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Two articles, regards to slippery slope the NCAA may be getting ready to walk
07-22-2012, 10:45 PM
Join Date: Jul 2008
Location: Summer: Chattanooga; School year: St. Louis
Two articles, regards to slippery slope the NCAA may be getting ready to walk
I thought these were fairly good articles and - while lengthy - suggest others read them both.
First off, a blog article from MrSEC.com: MRSEC - The NCAA Is About To Make A Big Mistake With Penn State
NCAA president Mark Emmert is about to walk down a very slippery slope.* The news that the NCAA will announce sanctions against Penn State’s football program for criminal behavior carried out years ago by men who are no longer in power at the university is a colossal blunder that college sports’ governing body will someday come to regret. |
According to reports, the sanctions to be handed down Monday will likely be more damaging than even a one-year death penalty would have been.* Crowds of Americans will cheer because we all love punishment.
But this is 100% the wrong move by a governing body that so often makes the wrong move.
Emmert and the NCAA know that PSU is being annihilated in the court of public opinion.* Don’t think that the NCAA’s decision to pile on Penn State doesn’t have something to do with a feeling that the body can actually make people applaud it for once.* Quite simply, they’ve read the poll numbers and decided to do what everyone wants — punish somebody.* Anybody.* Even coaches, athletic staff and players who had absolutely nothing to do with the Jerry Sandusky situation.
(Sidenote — Anyone else find it odd that we as a people always want some other person punished for their misdeeds, but when we ourselves err, we beg for forgiveness?* What a flawed beast we are.)
In addition to penalizing the innocent, the NCAA is also penalizing those who have already been penalized.* Think Penn State grads like having their diplomas on the wall today?* Think the school, the administration and the faculty haven’t been shamed already?* Think donations and applications haven’t been impacted?* Think the football program — which is going through its first coaching change since 1966 — isn’t finding work harder on the recruiting trail?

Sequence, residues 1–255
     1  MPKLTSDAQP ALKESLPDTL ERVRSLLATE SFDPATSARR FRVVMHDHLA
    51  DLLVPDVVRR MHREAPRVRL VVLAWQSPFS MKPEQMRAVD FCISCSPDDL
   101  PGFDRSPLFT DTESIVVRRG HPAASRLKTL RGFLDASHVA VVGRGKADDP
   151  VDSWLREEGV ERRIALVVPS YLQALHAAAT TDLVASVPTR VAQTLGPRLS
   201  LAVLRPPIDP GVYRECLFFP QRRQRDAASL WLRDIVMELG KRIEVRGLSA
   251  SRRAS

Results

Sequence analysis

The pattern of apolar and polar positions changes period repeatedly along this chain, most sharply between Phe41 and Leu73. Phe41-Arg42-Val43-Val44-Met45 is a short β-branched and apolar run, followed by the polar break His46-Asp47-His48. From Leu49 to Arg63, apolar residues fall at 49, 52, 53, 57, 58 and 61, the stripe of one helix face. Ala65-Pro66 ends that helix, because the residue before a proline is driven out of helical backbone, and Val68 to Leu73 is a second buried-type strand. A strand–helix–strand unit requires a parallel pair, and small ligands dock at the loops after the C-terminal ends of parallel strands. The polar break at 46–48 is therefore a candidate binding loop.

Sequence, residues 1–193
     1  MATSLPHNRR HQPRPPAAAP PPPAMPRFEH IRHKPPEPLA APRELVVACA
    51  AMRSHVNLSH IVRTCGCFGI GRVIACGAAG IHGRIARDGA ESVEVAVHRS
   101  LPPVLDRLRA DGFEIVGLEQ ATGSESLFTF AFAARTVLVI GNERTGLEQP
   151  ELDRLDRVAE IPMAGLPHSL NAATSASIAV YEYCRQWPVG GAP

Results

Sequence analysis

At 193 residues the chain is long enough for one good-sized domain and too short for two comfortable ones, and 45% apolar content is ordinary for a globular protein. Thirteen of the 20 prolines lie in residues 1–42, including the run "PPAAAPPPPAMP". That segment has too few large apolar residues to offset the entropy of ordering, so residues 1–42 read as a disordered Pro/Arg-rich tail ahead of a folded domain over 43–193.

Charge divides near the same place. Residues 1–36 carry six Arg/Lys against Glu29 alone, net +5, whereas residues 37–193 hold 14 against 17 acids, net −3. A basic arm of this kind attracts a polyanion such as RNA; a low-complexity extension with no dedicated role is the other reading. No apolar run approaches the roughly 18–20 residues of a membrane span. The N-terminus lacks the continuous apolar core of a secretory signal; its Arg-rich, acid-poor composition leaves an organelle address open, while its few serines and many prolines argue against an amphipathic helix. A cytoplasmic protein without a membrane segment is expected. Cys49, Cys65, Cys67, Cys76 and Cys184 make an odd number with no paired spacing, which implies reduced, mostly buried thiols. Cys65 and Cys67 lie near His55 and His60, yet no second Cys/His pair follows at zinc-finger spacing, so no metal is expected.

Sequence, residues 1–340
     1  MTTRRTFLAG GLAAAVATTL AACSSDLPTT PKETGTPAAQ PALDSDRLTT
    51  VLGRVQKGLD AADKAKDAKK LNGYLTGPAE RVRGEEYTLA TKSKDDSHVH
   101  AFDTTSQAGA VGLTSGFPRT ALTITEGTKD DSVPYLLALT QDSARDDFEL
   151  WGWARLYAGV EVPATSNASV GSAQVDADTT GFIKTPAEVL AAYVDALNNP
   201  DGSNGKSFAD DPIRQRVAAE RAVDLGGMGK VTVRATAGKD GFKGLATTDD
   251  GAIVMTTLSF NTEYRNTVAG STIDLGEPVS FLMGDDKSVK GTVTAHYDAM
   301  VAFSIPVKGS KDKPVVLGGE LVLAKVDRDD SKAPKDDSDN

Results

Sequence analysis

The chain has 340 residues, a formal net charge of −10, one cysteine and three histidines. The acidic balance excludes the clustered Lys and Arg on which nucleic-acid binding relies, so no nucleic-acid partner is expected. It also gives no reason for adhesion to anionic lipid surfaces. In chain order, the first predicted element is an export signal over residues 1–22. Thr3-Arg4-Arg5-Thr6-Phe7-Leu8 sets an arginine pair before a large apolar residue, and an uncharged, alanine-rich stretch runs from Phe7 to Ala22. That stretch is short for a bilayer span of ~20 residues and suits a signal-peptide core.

What more punishment is needed?* Joe Paterno is dead.* Sandusky will die in prison.* Others in PSU’s administration have lost their jobs, been vilified in the press, and may find themselves subject to legal prosecution.* Hell, all that’s left is to burn the campus down because bad things happened there at one time.
Making matters worse, the NCAA is apparently nixing its usual methods for punishing schools.* There will be no letter of allegations in this case.* There will be no waiting period for Penn State to prepare a defense.* Penn State won’t even be allowed a defense.* The NCAA is expected to act without due process.* They are taking the Freeh Report as gospel and will use it as their “Witches Hammer.”
Well, that’s smart.* A rush to judgement is always a good thing.* Especially in cases like this that will impact hundreds of lives for years to come.* Anyone else out there realize that if another legal team had been given the exact same records from Penn State they might have come to completely different conclusions than Louis Freeh and his team?
But here’s how the NCAA is putting itself in a precarious position.* Emmert and crew are going to penalize a school for criminal/moral failings.* Sounds good.* Until you ask where that line gets drawn.
A former NCAA committee on infractions chairperson told ESPN:
“This is unique and this kind of power has never been tested or tried.* It’s unprecedented to have this extensive power. This has nothing to do with the purpose of the infractions process. Nevertheless, somehow (the NCAA president and executive board) have taken it on themselves to be a commissioner and to penalize a school for improper conduct…
But this has nothing to do with NCAA business.* This is new.* If they’re going to deal with situations of this kind that have nothing to do with the games of who plays and so on and rather deal with members of the athletic department who act immorally or criminally then it opens up the door to other cases…
The criminal courts are perfectly capable of handling these situations.* This is a new phase and a new thing. They are getting into bad behavior that are somehow connected to those who work in the athletic department.”
What if Sandusky had been running a Ponzi scheme out of his Penn State office of years, for example?* Let’s say he’d bilked thousands of people out of millions of dollars.* Ruined countless lives in the process.* Now let’s suppose Penn State officials had known/suspected what was up and looked the other way.* Would the NCAA rush in to smash the football program?
Now let’s bring it a little closer to home.* Let’s say your alma mater or favorite football or basketball program had an assistant coach on staff who battered women.* Folks in the athletic office knew about it.* They’d heard rumors that the women in the coach’s life often carried bruises and cuts.* But the school didn’t act until a woman was hospitalized.* Should the NCAA come in and punish your favorite program?
What if a woman were killed?
What if your school kept covering up for a serial drunk-driving coach right up until the day he ran someone down?
Where is the line to be drawn?* And do you trust the people in the NCAA office to be the ones drawing it?
I know that many people will view this post as a defense of Penn State.* It’s not.* If you claim that’s what it is then you either a) didn’t read this piece in full or b) you wanted to change the facts to suit your own argument.